Melissa Rogers, Senior Fellow at the Brookings Institution and former chair of the Faith-based and Neighborhood Advisory Council, agreed that the administration “did not strike the right balance with their January 20 announcement,” but affirmed the president’s decision to change course.

She said she disagrees with the administration on some church/state separation and religious freedom issues, but argued that it has “made important contributions to the furthering of religious freedom.” For example, Rogers said the Department of Justice has repeatedly “gone to bat” for houses of worship to prevent them from being zoned out of communities.

“That’s really spectacular work. It’s work of the first order in terms of promoting religious freedom. That work hasn’t gotten the attention it deserves,” said Rogers. “It would be a mistake to overlook very important achievements like the Department of Justice’s work to ensure that our religious institutions, that are so important to us, are able to locate across America in a way that does so much to further faith and to protect the religious freedom of the faith community.”

Time ran out before UrbanFaith could ask if, as critics charge, the administration is downgrading it’s support for religious freedom internationally.

What do you think?

Is the president’s faith fair game in an election year?

Pastors Protest School Worship Ban

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Pastors were among those arrested in New York City Thursday as they protested the city Board of Education’s ban on religious groups using public school space for worship, The New York Times reported.

In December, UrbanFaith talked to two sources about the U.S. Supreme Court’s decision not to hear a Bronx church’s appeal of a lower court ruling that affirmed the ban. The Supreme Court’s decision was a catalyst for this protest.

“It’s just crazy that they’re forcing the churches to leave in six weeks,” Democratic councilman and pastor Fernando Cabrera told the Associated Press after he and the others were arrested for trespassing at the city’s Department of Law in Manhattan. “They should absolutely allow the houses of worship to continue doing what they are doing. It has never negatively affected anyone.”

Rev. Bill Devlin of Manhattan Bible Church was taken into custody with Cabrera, according to WORLD Magazine, as was Evangelical Covenant Church (ECC) pastor Rev. Michael Carrion, ECC reported on its website.

“The protestors fear that the city will use the same separation of church and state rationale to evict churches from all public buildings. The New York City Housing Authority already has said it is reconsidering allowing churches to meet in buildings it oversees,” the ECC article said.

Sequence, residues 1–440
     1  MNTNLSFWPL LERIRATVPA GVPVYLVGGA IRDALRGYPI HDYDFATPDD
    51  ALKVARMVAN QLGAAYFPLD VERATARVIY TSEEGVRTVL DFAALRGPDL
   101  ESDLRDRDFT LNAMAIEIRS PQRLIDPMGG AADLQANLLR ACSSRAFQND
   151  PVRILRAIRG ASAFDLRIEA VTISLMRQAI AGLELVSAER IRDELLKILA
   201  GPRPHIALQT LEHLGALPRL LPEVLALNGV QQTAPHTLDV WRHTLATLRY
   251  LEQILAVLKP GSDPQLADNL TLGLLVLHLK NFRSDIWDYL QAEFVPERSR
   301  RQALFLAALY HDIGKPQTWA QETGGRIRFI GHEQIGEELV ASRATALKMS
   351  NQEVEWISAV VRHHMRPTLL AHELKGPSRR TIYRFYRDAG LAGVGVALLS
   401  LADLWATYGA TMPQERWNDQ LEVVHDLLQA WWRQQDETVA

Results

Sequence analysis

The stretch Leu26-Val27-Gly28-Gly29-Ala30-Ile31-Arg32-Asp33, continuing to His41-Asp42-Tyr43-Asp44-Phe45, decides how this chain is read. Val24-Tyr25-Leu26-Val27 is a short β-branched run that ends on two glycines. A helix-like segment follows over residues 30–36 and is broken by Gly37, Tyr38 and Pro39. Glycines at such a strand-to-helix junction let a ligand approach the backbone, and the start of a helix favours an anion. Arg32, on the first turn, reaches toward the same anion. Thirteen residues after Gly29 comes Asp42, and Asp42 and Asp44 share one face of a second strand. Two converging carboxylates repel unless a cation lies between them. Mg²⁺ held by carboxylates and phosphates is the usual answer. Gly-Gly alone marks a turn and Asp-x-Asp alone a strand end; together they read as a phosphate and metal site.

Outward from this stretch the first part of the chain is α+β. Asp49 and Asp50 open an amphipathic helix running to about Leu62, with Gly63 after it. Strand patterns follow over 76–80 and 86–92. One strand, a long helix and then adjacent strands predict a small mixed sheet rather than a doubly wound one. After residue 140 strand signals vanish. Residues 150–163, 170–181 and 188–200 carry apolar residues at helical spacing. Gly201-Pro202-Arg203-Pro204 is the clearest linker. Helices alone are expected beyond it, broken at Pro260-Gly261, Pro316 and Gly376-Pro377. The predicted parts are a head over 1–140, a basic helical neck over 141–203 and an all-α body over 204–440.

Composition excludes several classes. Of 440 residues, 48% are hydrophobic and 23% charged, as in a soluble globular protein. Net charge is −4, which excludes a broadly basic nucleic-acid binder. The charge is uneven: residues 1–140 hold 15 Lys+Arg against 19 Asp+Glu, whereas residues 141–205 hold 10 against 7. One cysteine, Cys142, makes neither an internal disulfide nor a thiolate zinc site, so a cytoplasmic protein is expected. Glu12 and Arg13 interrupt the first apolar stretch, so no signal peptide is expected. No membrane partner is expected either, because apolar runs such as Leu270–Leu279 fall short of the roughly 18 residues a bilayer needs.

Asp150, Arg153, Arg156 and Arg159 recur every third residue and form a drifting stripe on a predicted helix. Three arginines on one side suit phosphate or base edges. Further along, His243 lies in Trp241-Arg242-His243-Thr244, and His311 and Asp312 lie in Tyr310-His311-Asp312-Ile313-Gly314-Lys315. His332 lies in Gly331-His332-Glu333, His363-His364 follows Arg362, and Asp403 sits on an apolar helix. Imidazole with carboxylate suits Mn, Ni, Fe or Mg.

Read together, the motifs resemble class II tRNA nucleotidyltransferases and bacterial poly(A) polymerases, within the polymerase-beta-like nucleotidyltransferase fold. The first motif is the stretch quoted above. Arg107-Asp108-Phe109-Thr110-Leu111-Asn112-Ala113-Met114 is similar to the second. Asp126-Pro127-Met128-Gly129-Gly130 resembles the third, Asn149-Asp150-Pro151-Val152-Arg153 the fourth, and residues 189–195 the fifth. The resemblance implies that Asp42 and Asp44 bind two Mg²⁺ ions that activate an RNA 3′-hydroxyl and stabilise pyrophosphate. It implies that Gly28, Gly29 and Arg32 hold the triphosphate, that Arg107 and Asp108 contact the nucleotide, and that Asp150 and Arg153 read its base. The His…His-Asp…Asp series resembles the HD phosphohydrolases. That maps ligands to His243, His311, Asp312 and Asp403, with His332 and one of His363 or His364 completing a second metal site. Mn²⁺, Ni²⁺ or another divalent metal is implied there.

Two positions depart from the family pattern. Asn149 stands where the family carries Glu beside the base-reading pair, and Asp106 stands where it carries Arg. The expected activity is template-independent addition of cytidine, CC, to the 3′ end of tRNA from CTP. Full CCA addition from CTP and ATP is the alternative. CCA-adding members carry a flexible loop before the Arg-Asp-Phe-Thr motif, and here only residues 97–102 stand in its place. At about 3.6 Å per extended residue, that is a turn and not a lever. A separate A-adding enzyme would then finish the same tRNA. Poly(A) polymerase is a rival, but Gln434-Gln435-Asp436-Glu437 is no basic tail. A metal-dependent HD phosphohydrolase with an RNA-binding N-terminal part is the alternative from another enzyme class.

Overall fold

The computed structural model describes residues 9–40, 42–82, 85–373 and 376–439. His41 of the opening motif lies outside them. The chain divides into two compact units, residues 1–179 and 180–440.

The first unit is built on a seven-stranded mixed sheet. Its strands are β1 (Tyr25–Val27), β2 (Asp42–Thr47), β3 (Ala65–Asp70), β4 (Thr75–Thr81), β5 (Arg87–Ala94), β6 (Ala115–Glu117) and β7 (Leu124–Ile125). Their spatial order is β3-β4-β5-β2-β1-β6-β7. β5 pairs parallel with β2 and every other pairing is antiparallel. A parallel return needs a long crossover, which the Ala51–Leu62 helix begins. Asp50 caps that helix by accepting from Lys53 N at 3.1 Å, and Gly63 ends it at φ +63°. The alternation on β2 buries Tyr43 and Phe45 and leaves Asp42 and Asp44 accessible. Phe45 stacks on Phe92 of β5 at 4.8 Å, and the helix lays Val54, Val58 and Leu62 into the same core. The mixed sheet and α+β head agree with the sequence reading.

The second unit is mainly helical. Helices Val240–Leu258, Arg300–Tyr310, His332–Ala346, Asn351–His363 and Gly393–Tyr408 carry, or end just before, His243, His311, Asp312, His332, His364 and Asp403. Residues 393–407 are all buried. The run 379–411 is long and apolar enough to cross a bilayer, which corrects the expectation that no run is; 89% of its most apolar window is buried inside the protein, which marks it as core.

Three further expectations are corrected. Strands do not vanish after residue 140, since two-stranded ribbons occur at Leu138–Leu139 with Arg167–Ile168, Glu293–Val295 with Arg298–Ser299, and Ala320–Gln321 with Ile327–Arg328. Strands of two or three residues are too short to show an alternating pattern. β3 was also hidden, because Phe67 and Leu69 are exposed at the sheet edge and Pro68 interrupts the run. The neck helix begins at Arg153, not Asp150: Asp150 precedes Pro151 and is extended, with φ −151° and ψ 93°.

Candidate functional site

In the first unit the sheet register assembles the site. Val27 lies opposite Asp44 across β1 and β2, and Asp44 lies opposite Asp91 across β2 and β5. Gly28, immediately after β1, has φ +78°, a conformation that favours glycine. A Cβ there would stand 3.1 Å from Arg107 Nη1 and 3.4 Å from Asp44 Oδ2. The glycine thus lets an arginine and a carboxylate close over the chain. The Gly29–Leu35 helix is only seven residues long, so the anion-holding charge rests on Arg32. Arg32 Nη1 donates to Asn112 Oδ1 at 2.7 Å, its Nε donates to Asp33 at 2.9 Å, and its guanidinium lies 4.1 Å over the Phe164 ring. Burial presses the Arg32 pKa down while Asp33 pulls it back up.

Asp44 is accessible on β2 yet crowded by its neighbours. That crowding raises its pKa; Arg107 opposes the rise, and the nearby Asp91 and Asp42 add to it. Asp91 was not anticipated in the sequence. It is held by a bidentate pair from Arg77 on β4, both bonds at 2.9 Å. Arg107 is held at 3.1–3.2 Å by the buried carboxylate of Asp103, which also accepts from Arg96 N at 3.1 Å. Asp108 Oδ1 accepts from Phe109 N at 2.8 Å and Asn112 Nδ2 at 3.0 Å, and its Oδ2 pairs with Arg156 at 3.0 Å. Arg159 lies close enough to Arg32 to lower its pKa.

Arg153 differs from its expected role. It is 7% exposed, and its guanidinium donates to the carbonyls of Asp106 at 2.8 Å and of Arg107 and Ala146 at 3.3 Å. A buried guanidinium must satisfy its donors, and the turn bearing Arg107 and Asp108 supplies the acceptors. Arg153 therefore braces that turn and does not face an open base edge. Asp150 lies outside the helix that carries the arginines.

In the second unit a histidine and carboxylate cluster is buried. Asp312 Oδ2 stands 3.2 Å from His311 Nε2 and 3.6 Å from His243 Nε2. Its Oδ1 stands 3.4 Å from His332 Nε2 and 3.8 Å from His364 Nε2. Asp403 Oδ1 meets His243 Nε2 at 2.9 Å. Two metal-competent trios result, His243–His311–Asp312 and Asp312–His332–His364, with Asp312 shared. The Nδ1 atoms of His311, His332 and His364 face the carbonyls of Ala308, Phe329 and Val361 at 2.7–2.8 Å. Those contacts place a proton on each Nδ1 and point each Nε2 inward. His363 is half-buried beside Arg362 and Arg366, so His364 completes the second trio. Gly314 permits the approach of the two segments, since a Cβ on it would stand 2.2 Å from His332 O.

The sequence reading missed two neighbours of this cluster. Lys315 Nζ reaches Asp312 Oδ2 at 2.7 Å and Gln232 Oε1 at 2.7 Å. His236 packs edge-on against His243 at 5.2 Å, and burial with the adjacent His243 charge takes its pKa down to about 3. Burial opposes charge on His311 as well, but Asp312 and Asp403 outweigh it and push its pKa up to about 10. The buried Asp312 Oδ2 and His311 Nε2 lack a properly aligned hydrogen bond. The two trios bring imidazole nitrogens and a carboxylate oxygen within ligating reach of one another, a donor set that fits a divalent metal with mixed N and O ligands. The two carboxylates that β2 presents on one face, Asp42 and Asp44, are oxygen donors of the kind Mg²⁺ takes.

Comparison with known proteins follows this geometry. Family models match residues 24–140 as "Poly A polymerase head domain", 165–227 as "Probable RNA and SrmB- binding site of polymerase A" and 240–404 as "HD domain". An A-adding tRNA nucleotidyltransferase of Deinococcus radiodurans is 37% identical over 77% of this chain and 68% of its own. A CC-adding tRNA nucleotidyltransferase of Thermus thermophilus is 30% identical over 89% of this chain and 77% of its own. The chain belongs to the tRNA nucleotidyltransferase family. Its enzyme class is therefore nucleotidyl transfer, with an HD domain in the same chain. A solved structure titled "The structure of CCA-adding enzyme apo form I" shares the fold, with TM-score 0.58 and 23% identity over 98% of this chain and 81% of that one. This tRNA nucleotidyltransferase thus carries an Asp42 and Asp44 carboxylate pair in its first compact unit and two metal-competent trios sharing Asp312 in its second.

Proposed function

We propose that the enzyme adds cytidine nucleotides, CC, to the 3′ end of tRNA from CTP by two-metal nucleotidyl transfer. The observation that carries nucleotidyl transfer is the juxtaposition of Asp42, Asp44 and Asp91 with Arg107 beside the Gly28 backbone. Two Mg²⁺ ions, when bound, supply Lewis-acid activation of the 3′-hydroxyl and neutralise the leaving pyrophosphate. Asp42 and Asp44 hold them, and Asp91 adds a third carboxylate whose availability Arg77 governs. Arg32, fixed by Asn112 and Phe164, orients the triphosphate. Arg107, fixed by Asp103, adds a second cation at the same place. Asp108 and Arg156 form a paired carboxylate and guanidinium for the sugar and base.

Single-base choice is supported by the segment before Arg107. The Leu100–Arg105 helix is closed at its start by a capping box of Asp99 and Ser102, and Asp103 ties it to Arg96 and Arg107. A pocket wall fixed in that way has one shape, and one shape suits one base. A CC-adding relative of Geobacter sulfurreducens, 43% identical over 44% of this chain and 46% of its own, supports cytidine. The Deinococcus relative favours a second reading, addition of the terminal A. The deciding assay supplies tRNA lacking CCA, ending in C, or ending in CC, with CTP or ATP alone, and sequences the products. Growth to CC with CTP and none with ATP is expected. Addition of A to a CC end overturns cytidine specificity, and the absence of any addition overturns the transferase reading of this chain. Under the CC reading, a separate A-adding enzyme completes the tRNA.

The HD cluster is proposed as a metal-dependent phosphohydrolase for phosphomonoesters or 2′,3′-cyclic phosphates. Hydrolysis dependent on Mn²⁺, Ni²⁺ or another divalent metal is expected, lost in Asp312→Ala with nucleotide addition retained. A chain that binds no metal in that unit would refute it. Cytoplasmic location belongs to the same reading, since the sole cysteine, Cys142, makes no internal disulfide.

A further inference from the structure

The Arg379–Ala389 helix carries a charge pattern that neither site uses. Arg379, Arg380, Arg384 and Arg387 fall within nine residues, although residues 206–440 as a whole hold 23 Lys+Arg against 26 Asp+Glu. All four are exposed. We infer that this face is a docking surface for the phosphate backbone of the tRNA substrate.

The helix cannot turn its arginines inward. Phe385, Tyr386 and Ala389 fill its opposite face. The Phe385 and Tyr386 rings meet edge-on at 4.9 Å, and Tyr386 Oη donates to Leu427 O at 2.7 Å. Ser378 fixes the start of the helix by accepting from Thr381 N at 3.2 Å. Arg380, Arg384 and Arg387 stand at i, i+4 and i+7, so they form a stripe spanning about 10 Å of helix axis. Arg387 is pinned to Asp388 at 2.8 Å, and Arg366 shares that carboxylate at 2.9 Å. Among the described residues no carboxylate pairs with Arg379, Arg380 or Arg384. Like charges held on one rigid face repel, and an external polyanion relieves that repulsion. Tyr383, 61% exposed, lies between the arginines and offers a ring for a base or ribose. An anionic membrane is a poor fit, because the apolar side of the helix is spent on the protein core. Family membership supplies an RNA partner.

“Over the Christmas holidays, several local directors of facilities of the New York City Housing Authority notified religious groups, mostly Christian churches, that they could no longer rent community rooms and other facilities. NYCHA officials gave little or no warning of the change of policy and did most of their communicating with the religious groups through word of mouth or email,” Tony Carnes reported at A Journey Through NYC Religions.

“One director of a Manhattan community center at a public housing project sent the administrator of Manhattan Borough Community Operations a copy of the newspaper article about the case. The implied question was, what should I do? The administrator emailed back, ‘NYCHA will not be able to rent to Churches based on a recent circumstance. Our Apologies,'” Carnes wrote.

Echoing sentiments author and NYC public school parent Katherine Stewart shared with us, Sheila Stainback, a spokeswoman for NYCHA, told PolitickerNY that no one had been evicted because none of the churches who used their facilities had leases. “That language would be incorrect,” said Stainback.

Cabrera called foul on this interpretation of the situation, however, noting that one church had been worshiping in the same public space for six years.

“We are getting the perception that we have an anti-religion mayor,” Cabrera told PolitickerNY. “I have never been arrested for anything. I don’t even drink beer. This is how desperate I am.”

“Not only is it unconstitutional, but on a very practical level we have partnered with our community and our school to serve our children, mentor and we also pay rent,” Rev. Rick Del Rio, pastor of Abounding Grace Ministries, told The Christian Post.

Del Rio attended the rally, but was not arrested. In a note on his Facebook wall, Del Rio said, “When we consider Jesus and all His confrontations and ultimate death, to the disciples and their witness that was turning the world upside down and their courage to stand and ‘Speak’ and ‘DO’ what they knew was true, always at the risk of peril, why should we be so non-confrontational. And what of the examples of Wlberforce and Martin Luther King. … What I saw last Thursday were believers who chose to take a stand, raise their voices and speak truth to power, challenging the authorities to do the right thing and staking their claim to what is rightfully theirs as tax paying citizens of the US and NYC.”

What do you think?

Should Christians protest their eviction from public space or submit to it quietly as Rev. Sam Andreades suggested when UrbanFaith spoke to him?